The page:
THE MIND OF MIN BAHADUR BHAM
Telegraphs were the primary means of long distance communication back when Min Bhadur Bham was growing up in Mugu. The message had to be clear, concise and limited to a few words. Min sneaked into these telegraph centers and eavesdropped when he could. When he got the chance, he would write down messages for the elderly people mediating the messages to their loved ones working in India. A simple telegram would ignite a series of ideas that would weave itself into intricate tales in the mind of Min Bahadur and he would delve into his imaginations and into a different world of his creation. And so began the journey of the storyteller Min Bahadur Bham.
Kalo Pothi is a movie directed by Min Bahadur Bham. It is about two inseparable friends, who despite the difference in caste, embark on a journey to retrieve their lost hen. Despite a temporary ceasefire which had brought on some relief to the war ravaged northern village of Mugu, the two friends experience the frailty of the ceasefire during the Maoist insurgency.
Although the movie is far from the typical mainstream Nepali movie, it has enjoyed significant commercial success in the country. After bagging the Best Film at Venice International Film Festival, Critics Week, 2015, the success didn’t come as much of a surprise.
“I’m not the same person during this time because I try to detach myself from who I am.”
Min Bhadur Bham graduated in Nepali Literature and Filmmaking and Post Graduate in Buddhist Philosophy and Political Science. He also created an independent film production company under the name of Shooney Films Pvt. Ltd. And with the recent international success of his debut feature, there is no question about his talents and abilities.
But the road to success was not easy, especially for a kid who ran away from his home in Mugu to chase a dream in the city. An independent spirit at heart, Min was not going to be tied down to his parents’ decisions about his life. He wanted to study theater, but his family had other things in mind. When he turned 14 Min ran away from home and came to Kathmandu after he finished his SLC bringing along with him the little money he had been saving up since he was twelve years old.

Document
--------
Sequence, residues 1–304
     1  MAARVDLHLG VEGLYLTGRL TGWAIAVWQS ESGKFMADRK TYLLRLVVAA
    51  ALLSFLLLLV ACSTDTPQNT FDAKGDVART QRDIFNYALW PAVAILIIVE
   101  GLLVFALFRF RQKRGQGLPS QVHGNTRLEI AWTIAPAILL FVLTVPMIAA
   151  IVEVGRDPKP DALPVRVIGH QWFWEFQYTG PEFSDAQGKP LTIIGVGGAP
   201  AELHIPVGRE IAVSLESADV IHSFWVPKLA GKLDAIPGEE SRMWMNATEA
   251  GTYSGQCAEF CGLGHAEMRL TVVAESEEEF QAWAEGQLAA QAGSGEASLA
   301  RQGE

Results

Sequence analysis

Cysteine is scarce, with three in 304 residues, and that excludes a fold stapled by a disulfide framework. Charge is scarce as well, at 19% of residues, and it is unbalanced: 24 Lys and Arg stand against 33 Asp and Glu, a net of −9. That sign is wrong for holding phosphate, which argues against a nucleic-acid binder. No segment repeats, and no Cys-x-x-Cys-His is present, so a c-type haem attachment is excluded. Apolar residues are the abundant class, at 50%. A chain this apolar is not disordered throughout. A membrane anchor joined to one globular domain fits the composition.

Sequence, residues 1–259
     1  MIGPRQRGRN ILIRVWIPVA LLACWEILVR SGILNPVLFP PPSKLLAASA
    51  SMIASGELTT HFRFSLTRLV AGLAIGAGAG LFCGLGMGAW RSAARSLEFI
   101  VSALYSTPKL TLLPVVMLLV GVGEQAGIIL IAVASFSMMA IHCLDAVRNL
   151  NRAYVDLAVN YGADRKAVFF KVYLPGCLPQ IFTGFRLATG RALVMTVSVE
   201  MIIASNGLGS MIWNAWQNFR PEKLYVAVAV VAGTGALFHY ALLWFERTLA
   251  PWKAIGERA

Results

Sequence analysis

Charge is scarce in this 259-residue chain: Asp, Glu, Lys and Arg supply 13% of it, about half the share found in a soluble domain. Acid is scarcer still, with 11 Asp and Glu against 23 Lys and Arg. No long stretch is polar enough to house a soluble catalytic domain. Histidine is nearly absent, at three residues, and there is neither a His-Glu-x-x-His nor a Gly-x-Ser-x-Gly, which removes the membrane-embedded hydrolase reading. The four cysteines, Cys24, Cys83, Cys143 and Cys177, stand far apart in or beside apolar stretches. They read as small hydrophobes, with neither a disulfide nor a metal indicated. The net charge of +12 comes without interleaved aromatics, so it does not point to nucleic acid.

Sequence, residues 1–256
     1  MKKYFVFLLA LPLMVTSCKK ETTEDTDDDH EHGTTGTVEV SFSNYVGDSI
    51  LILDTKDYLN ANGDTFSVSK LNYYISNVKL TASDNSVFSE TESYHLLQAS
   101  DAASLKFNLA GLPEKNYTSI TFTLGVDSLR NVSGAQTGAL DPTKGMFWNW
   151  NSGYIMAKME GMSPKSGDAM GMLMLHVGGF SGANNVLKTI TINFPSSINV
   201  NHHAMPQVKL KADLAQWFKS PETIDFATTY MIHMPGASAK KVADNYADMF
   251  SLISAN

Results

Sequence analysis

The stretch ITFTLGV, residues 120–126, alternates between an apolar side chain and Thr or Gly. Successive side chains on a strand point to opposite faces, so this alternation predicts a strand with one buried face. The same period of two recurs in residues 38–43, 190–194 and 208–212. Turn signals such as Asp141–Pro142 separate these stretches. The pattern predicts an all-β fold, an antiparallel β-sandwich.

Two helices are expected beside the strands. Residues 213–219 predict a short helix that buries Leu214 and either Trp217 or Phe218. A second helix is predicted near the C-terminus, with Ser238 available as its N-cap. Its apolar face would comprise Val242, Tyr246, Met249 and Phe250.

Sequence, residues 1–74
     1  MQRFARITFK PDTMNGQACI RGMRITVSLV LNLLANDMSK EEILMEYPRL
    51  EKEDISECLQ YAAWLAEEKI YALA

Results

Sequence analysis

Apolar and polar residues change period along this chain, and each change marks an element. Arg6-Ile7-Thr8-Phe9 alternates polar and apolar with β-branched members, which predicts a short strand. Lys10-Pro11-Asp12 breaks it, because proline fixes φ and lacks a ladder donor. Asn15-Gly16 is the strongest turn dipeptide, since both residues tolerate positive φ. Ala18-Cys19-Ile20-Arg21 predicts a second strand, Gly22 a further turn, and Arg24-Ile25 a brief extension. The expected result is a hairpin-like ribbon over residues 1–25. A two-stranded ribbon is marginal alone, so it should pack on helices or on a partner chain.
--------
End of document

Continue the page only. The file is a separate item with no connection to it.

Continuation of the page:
He came into Kathmandu and immediately enrolled himself into the Rastriya Naach Ghar (National Cultural Cooperation). The first year there he studied theater. Later, he went on to study acting in Gurukul, but eventually he specialized in direction.
Min’s father, who worked in the telecom business also opened a movie hall in Mugu. Min was lucky enough to grow up watching the movies that were screened there. He and his friends would frantically rush to watch the movies of Amitabh Bachchan, Mithun Chakraborty, Shiv Shrestha, and Bhuvan KC. While his friends grew out their hair and dreamt of one day becoming a movie star, Min Bahadur Bham was intrigued by the people behind the screen.
“Acting was never my foray, I always knew I was eventually going to be a director, never an actor“ Min explained.
It took time to find his footing in the Capital though. The money he brought along with him eventually started running out and he wasn’t in touch with his family so he couldn’t ask them for money either.
“I didn’t even understand the language (when I came here). I used to look at ‘To-Let’ signs on houses and wonder why they had bathrooms (toilets) so high up in their houses. And even if they did, I didn’t understand the need to label them with a sign.
Even after getting a hang of the language, it was difficult to talk to me with people. Talking to anyone readily was always a daunting task and there were nights when I waited at the bus stop longing for a conductor to catch my eye so I could ask for a free ride because I didn’t have a rupee on me. For a guy coming from Karnali to Kathmandu, the lights seem a lot brighter here.”
In every person’s life there is a spark that ignites something within. It is a matter of how eagerly you follow that spark. Once the flame is created, it doesn’t take long to spread. That spark was lit in Min with the first time he watched his first movie. That was a long time ago.